Arash Alavi, PhD
2019-present: Arash is a Software Developer at SCGPM. His research interests are in the areas of software engineering, software analysis, computer security and privacy, and smartphone side of systems/security. Arash received his PhD in computer science from University of California, Riverside under the supervision of Prof. Rajiv Gupta. He worked on building a scalable and secure platform for real-time health management when he was working as an intern at SCGPM, and then he fully joined the team to continue the development of PHD (Personal Health Dashboard). He also collaborates on data management projects at Metabolic Health Center (MHC). Here is his personal homepage.
Amir Bahmani, PhD
2017-present: Amir Bahmani is our Research and Development Lead at the SCGPM. He has been working on distributed and parallel computing applications since 2008. Amir received his PhD in computer science from North Carolina State University under the supervision of Prof. Frank Mueller. He collaborates with different universities (e.g., NC State, Duke University, University of North Carolina, Stanford University) on several computationally intensive applications. In the past, he has also worked on industry cloud computing projects with Impulsonic and Illumina. He served as the vice-president of the Computer Science Graduate Student Association at NC State, and received the graduate student leadership award in 2016. He enjoys taking walks in nature, and studying cancer biology in his spare time. Here is his personal website.
Keith Bettinger, MS
2010-present: As the Director of the GBSC, Keith is responsible for the user experience on our genetics cluster, where he designs and implements technical solutions related to data privacy, data commons, and the support of various tools and technologies.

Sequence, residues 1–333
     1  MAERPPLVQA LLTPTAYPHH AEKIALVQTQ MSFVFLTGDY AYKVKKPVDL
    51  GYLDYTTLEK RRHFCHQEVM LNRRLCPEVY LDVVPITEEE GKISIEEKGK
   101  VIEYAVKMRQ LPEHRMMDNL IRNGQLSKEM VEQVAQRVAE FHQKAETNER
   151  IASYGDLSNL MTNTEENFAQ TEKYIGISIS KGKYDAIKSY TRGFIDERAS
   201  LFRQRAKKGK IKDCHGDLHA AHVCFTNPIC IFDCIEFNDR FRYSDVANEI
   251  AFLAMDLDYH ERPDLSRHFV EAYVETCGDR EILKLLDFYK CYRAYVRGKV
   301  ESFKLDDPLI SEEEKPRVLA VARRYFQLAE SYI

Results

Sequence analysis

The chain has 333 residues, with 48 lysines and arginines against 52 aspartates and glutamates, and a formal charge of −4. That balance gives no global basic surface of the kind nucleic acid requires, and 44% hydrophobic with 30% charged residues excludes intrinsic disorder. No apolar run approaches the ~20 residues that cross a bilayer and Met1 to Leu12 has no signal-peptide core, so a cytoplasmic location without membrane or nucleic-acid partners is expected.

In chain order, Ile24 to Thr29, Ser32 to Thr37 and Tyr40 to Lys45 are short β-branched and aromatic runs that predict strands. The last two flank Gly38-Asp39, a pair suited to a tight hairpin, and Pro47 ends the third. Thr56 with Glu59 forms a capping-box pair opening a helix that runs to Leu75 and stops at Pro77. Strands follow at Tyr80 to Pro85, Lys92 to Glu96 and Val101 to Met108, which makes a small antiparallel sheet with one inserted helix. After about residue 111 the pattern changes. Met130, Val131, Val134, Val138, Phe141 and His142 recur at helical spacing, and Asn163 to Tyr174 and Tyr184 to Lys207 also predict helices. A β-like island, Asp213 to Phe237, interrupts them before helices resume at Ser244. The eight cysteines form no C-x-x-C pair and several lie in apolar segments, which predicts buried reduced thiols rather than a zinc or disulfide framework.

Prior to joining SCGPM, he was Chief Programmer at the Stanford Center for Interdisciplinary Brain Science Research (CIBSR) where he developed a multiplatform neuroimaging analysis and MRI visualization application. Prior to joining Stanford, Keith was Technical Lead at Motorola where he led development of software for handwriting recognition on a Chinese cell phone. Keith has a MS in Computer Science from the State University of New York at Buffalo.
Paul Billing-Ross, MS
2015-present: Paul is an SCGPM software developer who is passionate about building the roads and bridges of genomics research. He broke into computational biology studying models of molecular evolution under Dr. Sudhir Kumar at Arizona State University and then transitioned to studying mitochondrial genetics as an NSF Graduate Research Fellow at Cornell University. At SCGPM, he migrated the Stanford sequencing pipeline on DNAnexus, and is now using cloud technologies to open and streamline the process of biomedical innovation for our collaborator, the VA Palo Alto Health Care Center.
Daniel Cotter, MS
2020-present: Daniel manages biomedical data on a variety of projects for the SCGPM. He comes to us after gaining a wealth of experience managing clinical data with the University of Kentucky Healthcare system, which included leading an effort to create an enterprise-wide data warehouse for patient data. Daniel earned his MS degree in Computer Science also from the University of Kentucky, but, if you want to elicit a knowing laugh from him, ask him about his BA degree from Transylvania University.
Ramesh Nair, PhD
2014-present: Ramesh, the Acting Director of Bioinformatics at SCGPM, heads up the Bioinformatics-as-a-Service resource for the GBSC, and is the bioinformatician-in-residence for the CIRM-initiated Stem Cell Center of Excellence (CESCG). He is responsible for diverse bioinformatics needs for the Center Initiated Projects and its extensive collaboration network. Prior to joining SCGPM, Ramesh was a Bioinformatics Analyst at Center for Cancer Systems Biology (CCSB) where among other things, he was the sole developer of next-generation sequencing (NGS) pipelines for genome sequencing (Exome-Seq) applied to follicular lymphoma and transcriptome sequencing (RNA-Seq) applied to lung cancer tumor microenvironment. Prior to joining Stanford, he was a Senior Scientist at various Biotech firms in Bay Area, including Cobalt Biofuels, Iconix BioSciences (now Entelos), Lynx Therapeutics (now Illumina) and DuPont. Ramesh has a PhD in Chemical Engineering from Northwestern University and MTech in Biochemical Engineering and Biotechnology from Indian Institute of Technology Delhi.
Joe Sarro, MS, PhD